November 29, 2017

News Briefs – November 29, 2017

Report: North Korea fires ballistic missile

The Yonhap news agency reports that North Korea has launched a ballistic missile.

South Korea’s military says the missile was fired from an area north of Pyongyang early Nov. 29.

The news agency reported South Korea’s Joint Chiefs of Staff saying that it and U.S. authorities are analyzing the trajectory.

The launch is the first since Sept. 15 when North Korea fired an intermediate ballistic missile. AP

Russian fighter intercept of U.S. recon plane deemed ‘unsafe’

The U.S. military says a Russian fighter flew within 50 feet of a U.S. Navy reconnaissance jet over the Black Sea with full afterburners on, causing violent turbulence that knocked the American plane into a 15-degree roll.

U.S. European Command Spokesman Juan Martinez said Nov. 28 the maneuver by the Russian Su-30 jet in front of the Navy P-8A on Saturday is being treated as an “unsafe intercept.”

Martinez said the P-8A was “conducting a routine operation in international airspace” at the time of the intercept.

Intercepts occur regularly but it is the first encounter reported as unsafe since June when Stuttgart-based EUCOM released dramatic photos of a Russian jet coming so close to a U.S. plane over the Baltic Sea that the Russian pilot could be seen in the cockpit. AP

Israel’s Iron Dome system deployed on ships for first time

Israel’s military has for the first time deployed its Iron Dome rocket defense system aboard a ship.

Head of the Weapons Department in the Israeli Navy Col. Ziv Barak said the system will defend Israel’s ships and “strategic assets” at sea, like its offshore gas platforms, and is now operational.

The announcement Nov. 28 came after the military said it had successfully tested the system in an exercise where “projectiles that simulated existing threats in the region” were intercepted.

Its deployment on ships stems from lessons learned from the 2014 Gaza war and is part of Israel’s multi-layer rocket and missile defense system.

Iron Dome protects against short-range rockets, and intercepted hundreds of projectiles fired by the Islamic militant group Hamas and other Palestinian gunmen at Israeli towns in 2014. AP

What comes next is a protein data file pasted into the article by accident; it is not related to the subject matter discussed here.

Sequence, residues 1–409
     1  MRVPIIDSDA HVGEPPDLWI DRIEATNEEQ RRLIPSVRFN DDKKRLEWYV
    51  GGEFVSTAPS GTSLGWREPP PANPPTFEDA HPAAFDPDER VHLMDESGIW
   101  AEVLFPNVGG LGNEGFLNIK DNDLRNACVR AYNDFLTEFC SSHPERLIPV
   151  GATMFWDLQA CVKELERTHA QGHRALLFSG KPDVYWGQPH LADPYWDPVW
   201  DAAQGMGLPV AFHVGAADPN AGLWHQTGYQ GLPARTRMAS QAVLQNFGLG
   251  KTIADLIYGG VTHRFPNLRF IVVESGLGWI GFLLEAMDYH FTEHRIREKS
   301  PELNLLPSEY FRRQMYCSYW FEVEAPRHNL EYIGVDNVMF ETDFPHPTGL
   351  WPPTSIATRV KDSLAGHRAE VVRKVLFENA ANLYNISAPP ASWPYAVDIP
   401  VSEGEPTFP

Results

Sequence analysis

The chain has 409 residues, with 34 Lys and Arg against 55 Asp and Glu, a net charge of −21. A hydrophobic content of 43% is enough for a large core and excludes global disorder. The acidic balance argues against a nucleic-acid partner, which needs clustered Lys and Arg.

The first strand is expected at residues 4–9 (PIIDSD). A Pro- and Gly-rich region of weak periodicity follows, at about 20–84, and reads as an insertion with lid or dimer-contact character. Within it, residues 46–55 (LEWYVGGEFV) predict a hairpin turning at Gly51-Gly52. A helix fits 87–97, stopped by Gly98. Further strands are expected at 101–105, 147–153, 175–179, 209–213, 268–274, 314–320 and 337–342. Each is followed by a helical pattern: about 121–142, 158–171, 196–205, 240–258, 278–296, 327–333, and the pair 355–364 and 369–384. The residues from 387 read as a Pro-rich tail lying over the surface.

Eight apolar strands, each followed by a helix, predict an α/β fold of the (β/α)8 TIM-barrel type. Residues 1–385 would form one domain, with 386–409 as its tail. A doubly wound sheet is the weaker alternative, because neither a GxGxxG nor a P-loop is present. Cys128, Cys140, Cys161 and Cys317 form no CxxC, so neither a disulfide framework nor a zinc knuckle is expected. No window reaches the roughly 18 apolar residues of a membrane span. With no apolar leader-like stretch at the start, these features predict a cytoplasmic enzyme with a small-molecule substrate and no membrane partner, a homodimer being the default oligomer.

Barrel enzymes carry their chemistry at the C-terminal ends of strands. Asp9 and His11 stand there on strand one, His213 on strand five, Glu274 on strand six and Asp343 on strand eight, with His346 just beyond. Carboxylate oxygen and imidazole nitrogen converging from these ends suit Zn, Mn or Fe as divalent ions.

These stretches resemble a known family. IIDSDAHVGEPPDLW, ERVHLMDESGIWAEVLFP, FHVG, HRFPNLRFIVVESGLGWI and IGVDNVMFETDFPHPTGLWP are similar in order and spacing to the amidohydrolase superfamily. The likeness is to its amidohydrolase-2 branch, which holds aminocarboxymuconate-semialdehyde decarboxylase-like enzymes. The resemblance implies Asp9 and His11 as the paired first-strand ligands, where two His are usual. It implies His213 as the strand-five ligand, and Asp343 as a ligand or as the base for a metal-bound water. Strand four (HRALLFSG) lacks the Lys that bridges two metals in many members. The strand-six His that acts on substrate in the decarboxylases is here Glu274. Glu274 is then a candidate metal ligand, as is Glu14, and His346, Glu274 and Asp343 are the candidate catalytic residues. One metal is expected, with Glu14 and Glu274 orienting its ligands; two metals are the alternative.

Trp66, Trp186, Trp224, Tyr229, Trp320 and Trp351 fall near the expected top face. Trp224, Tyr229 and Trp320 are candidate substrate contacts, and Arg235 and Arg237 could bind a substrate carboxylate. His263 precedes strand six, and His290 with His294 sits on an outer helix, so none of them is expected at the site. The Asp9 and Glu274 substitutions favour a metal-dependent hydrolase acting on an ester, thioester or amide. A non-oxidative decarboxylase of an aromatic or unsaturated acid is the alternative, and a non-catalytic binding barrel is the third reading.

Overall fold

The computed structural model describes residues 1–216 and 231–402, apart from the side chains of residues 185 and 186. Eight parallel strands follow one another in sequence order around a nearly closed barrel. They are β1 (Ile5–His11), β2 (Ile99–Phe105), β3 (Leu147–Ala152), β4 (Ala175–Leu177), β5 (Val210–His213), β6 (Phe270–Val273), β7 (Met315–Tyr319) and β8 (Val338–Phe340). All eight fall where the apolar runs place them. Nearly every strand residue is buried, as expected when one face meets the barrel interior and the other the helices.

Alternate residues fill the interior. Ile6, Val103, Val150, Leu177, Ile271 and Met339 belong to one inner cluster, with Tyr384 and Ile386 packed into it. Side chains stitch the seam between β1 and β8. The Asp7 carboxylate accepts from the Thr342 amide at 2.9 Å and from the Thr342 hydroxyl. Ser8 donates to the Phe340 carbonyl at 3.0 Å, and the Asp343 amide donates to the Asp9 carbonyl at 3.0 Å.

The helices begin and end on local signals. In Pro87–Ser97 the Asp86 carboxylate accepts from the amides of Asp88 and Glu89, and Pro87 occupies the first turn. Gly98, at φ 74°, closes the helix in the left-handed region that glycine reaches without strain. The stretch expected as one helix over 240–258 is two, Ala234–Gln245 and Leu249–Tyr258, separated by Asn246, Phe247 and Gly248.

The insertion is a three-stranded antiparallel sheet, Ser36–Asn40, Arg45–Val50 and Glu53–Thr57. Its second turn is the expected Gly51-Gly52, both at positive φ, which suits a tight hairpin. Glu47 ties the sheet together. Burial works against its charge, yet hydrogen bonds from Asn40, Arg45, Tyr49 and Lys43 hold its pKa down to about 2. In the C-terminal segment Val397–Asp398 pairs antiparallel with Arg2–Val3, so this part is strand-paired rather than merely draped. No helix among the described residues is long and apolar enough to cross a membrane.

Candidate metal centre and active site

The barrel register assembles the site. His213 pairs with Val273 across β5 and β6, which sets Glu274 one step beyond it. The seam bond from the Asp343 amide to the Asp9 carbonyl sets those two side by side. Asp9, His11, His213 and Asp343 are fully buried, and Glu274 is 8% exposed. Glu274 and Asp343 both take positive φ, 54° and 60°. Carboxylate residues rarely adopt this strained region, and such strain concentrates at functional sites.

Airbus names new top salesman amid legal troubles

Airbus is replacing its combative, long-serving sales chief with a Rolls Royce executive as the European plane maker tries to stay competitive with Boeing.

Eric Schulz will take over as chief of sales for Airbus commercial planes in January, the company said Nov. 28, calling it “a critical juncture of our company’s development.”

Airbus praised outgoing top salesman John Leahy as “a living legend” for overseeing sales of more than 90 percent of Airbus planes ever sold. Leahy, 67, had been expected to retire soon after 23 years in the position.

Before joining Rolls Royce, Schulz also worked at Air France, Goodrich and other companies in the industry.

Airbus recently lost out to Boeing in a major deal with Gulf carrier Emirates, and is also facing corruption investigations in three countries. AP

Airbus, Rolls-Royce, Siemens developing a hybrid plane

Airbus, Siemens and Rolls-Royce are teaming up to develop a hybrid passenger plane that would use a single electric turbofan along with three conventional jet engines running on aviation fuel.

The plane is an effort to develop and demonstrate technology that in the future could help limit emissions of carbon dioxide from aviation and reduce reliance on fossil fuels.

The three companies said Nov. 28 they aim to build a flying version of the E-Fan X technology demonstrator plane by 2020.

The aircraft would be based on the existing BAe 146 four-engine regional jet. The hybrid version would generate electric power through a turbine within the plane. That power would be used to turn the fan blades of the single electric turbofan engine.

If the system works, a second electric motor could be added, the companies said.

The companies said European plane maker Airbus SE would be responsible for building the aircraft’s systems into a working whole, control systems and flight controls. Britain-based Rolls-Royce plc would make the generator and the turbo-shaft engine, while German engineering company Siemens AG would deliver the two-megawatt electric motor to power the engine. Rolls-Royce the aircraft engine maker is distinct from the luxury car brand owned by BMW AG.

The companies said they were looking ahead to the European Union’s long-term goals of reducing CO2 emissions from aviation by 60 percent, as well as meeting noise and pollution limits that they said “cannot be achieved with technologies existing today.” CO2 — carbon dioxide — is a greenhouse gas that scientists say contributes to global warming.

Other projects for hybrid or electric planes are in the works. Kirkland, Wash.,-based Zunum Aero says it is working on a 12-seat hybrid-electric commuter jet. The company’s website lists its partners as Boeing, jetBlue Technology Ventures, and the Department of Commerce Clean Energy Fund. AP

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